The digitally focused staff are working just as hard to preserve professional journalism as those staff still focused on print. I have spent most of my career developing unique digital skills while producing content for broadcast and print. I have often felt that I had to work harder than traditional journalists to prove that I’m not just an ‘expert in cut and paste’. I work very hard to know my beats, work across platforms and produce high quality journalism that meets or exceeds the industry standards of print, broadcast and web journalism. I am not the only digital journalist who puts this sort of effort in. Yet the industry is still rife with the same anti-digital prejudice I witnessed ten years ago.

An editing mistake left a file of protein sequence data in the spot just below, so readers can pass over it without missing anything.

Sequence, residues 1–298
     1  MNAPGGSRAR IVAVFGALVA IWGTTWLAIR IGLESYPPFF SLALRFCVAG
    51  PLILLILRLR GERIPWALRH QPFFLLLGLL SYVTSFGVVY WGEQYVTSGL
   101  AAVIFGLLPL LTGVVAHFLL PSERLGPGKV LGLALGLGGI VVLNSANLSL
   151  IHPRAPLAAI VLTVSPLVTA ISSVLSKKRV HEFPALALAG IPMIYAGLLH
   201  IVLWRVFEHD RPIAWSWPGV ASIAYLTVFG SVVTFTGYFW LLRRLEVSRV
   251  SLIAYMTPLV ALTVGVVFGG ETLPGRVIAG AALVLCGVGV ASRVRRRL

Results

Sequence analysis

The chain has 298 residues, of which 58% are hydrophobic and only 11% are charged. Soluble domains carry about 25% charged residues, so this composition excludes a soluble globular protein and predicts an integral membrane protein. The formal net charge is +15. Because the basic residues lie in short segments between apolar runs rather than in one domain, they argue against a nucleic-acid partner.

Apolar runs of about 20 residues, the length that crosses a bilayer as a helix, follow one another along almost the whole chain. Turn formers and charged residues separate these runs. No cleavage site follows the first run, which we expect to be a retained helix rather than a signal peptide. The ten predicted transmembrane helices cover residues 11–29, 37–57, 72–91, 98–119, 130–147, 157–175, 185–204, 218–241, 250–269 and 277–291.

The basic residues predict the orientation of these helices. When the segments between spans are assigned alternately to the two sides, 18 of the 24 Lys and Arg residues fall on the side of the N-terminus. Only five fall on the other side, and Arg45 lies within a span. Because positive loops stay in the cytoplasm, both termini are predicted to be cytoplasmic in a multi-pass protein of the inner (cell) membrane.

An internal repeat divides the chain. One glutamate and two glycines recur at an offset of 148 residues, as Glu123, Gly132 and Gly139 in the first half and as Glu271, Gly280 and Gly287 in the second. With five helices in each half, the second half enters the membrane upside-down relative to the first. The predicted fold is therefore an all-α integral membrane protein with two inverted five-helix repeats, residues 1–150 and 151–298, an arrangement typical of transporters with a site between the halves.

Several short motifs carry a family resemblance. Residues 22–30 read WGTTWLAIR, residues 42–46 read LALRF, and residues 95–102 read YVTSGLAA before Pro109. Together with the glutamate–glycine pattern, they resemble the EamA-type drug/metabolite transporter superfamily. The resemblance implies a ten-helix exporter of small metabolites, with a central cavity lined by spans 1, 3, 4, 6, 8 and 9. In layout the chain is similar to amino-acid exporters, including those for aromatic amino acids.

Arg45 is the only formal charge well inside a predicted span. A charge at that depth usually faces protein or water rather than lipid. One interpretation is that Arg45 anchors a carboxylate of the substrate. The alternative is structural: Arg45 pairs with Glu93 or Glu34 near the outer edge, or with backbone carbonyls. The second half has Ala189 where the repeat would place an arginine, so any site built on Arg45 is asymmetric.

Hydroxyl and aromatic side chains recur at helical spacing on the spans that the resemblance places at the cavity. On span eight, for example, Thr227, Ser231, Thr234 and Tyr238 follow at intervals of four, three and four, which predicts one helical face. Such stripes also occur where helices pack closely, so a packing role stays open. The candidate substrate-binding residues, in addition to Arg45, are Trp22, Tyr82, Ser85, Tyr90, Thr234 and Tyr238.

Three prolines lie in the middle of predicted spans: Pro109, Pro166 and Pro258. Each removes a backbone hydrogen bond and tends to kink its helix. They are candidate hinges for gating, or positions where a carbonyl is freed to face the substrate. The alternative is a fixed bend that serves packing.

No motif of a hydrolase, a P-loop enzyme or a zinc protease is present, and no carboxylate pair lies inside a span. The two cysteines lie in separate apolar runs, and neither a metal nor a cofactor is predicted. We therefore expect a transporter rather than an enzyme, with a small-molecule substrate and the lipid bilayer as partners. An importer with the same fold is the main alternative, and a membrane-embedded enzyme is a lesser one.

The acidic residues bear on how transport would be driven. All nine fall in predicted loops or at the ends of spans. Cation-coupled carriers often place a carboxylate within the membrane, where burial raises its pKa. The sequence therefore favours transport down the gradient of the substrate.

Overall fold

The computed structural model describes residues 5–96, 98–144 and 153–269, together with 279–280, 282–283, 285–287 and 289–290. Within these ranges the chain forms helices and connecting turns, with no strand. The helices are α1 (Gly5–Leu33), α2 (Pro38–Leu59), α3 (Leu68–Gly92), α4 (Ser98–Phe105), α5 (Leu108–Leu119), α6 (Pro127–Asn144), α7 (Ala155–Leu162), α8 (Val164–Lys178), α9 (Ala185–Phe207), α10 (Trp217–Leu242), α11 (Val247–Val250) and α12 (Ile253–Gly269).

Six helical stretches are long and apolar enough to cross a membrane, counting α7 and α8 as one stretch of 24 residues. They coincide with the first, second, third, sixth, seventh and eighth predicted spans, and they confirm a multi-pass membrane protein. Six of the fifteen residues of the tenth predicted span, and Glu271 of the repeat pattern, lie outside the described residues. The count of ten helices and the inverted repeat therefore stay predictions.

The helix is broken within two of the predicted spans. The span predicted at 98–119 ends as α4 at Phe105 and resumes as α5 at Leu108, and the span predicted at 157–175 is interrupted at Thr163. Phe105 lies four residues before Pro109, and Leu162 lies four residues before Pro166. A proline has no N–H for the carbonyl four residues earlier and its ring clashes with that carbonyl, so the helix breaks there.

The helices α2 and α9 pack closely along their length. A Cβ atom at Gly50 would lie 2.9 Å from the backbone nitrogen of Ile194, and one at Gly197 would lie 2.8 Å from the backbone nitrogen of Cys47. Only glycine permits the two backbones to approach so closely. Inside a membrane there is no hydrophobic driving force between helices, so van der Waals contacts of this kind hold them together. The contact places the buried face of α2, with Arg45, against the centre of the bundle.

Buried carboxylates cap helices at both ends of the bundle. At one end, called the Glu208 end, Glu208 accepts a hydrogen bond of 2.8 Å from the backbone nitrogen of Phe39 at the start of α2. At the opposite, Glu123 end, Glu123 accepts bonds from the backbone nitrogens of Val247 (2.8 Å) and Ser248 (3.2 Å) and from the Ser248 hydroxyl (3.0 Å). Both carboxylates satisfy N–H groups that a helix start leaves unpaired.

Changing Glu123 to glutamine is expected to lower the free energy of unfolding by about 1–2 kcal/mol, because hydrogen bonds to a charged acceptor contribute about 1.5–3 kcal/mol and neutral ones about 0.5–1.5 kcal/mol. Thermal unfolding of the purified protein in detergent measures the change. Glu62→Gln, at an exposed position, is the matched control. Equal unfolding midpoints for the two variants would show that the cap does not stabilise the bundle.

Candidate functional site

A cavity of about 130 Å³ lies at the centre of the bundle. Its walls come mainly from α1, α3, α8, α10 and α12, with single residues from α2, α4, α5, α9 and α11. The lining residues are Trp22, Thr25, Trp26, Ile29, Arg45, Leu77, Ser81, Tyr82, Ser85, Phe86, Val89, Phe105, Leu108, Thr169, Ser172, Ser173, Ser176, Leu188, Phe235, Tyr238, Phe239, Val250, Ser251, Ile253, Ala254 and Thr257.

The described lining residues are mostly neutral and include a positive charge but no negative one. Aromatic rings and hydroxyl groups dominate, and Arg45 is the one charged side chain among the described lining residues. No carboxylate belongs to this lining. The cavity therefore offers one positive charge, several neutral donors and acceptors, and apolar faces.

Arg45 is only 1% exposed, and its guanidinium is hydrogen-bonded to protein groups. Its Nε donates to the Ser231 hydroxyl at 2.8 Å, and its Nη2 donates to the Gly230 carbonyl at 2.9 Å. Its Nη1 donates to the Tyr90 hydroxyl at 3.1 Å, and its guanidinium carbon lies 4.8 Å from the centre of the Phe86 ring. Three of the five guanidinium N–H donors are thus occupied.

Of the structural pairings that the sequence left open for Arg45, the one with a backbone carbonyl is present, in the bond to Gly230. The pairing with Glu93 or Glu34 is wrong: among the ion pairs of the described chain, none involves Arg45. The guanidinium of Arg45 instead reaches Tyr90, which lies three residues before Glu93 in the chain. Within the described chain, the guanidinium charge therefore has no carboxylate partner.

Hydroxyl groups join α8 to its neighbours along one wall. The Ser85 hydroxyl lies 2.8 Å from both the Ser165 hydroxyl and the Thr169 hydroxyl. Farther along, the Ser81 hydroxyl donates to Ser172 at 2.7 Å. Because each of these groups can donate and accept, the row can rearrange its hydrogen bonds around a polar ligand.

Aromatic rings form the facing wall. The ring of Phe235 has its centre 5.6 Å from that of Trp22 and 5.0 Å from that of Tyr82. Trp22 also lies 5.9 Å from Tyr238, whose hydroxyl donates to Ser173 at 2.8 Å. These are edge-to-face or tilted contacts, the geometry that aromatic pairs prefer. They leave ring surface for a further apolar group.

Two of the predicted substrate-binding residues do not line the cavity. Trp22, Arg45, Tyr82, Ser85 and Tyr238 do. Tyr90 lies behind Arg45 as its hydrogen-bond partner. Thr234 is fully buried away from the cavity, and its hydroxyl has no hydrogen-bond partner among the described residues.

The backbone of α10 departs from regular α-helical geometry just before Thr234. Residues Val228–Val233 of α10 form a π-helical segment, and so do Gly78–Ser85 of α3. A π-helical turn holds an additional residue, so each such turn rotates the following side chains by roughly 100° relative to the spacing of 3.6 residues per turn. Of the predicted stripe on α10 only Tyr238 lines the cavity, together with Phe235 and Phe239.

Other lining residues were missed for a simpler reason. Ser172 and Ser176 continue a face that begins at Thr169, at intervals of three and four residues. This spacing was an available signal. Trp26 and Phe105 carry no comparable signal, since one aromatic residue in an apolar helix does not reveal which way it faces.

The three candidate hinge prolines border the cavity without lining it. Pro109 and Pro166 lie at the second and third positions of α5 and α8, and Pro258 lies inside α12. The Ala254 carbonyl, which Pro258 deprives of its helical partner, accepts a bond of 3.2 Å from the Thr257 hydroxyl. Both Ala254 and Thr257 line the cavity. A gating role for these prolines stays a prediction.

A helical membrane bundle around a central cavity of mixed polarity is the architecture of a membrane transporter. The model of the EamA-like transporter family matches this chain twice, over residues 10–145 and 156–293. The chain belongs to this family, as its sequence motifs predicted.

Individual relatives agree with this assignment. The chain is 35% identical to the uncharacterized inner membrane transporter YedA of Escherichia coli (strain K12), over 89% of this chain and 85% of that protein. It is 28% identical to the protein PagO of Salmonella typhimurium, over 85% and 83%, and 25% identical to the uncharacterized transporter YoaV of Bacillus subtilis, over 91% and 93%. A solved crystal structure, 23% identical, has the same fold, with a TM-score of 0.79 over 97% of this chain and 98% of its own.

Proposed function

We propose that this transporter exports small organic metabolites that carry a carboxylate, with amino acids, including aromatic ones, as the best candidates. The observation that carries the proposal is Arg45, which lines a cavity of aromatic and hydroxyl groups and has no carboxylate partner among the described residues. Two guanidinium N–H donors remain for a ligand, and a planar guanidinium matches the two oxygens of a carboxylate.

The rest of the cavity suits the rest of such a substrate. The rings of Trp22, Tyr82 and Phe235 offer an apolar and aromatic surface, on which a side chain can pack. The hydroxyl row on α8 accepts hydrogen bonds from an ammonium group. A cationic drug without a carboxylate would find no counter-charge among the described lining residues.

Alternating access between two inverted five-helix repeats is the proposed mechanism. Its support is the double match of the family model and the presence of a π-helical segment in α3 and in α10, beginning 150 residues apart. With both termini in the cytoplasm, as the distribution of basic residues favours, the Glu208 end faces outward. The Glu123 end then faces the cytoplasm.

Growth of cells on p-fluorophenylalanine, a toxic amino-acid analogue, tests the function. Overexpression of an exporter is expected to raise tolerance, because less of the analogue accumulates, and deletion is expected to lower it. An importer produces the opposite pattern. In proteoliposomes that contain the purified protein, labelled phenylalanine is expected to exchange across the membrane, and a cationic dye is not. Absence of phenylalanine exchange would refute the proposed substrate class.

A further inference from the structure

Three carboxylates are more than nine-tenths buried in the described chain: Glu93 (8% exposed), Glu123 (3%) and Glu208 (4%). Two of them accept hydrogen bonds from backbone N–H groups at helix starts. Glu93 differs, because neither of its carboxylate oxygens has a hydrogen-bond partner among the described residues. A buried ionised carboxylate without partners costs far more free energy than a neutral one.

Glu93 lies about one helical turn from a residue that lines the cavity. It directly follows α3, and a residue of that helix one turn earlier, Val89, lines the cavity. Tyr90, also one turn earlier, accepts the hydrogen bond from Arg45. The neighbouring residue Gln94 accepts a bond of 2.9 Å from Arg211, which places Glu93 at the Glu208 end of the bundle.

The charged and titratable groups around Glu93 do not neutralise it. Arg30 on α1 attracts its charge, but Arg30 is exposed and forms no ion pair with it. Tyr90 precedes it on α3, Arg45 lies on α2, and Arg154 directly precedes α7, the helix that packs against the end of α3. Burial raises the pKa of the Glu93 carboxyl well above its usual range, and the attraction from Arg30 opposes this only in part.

It’s long past time for senior figures in journalism to publicly state that demeaning digital staff is not acceptable. Here are a few basic facts about digital journalism:

  • I use a computer for much of my work. That doesn’t mean I’m a member of the IT staff.
  • I know about technology. That doesn’t mean that I’m incapable of writing.
  • My primary platform is digital. That doesn’t mean my professional standards are lower.

Prejudice towards digital journalists needs to stop. It sends a message to digital journalists that they are unwanted at a time when their skills are desperately needed by newspapers. Digital staff should not be the convenient whipping women and men for those angry and upset about economic uncertainty in the industry.

There is nothing totemic about print and paper that makes the journalism instantly better or more credible. Quality broadsheets are printed on paper just as sensationalist tabloids are. Let’s measure journalists not by the platform but by their output.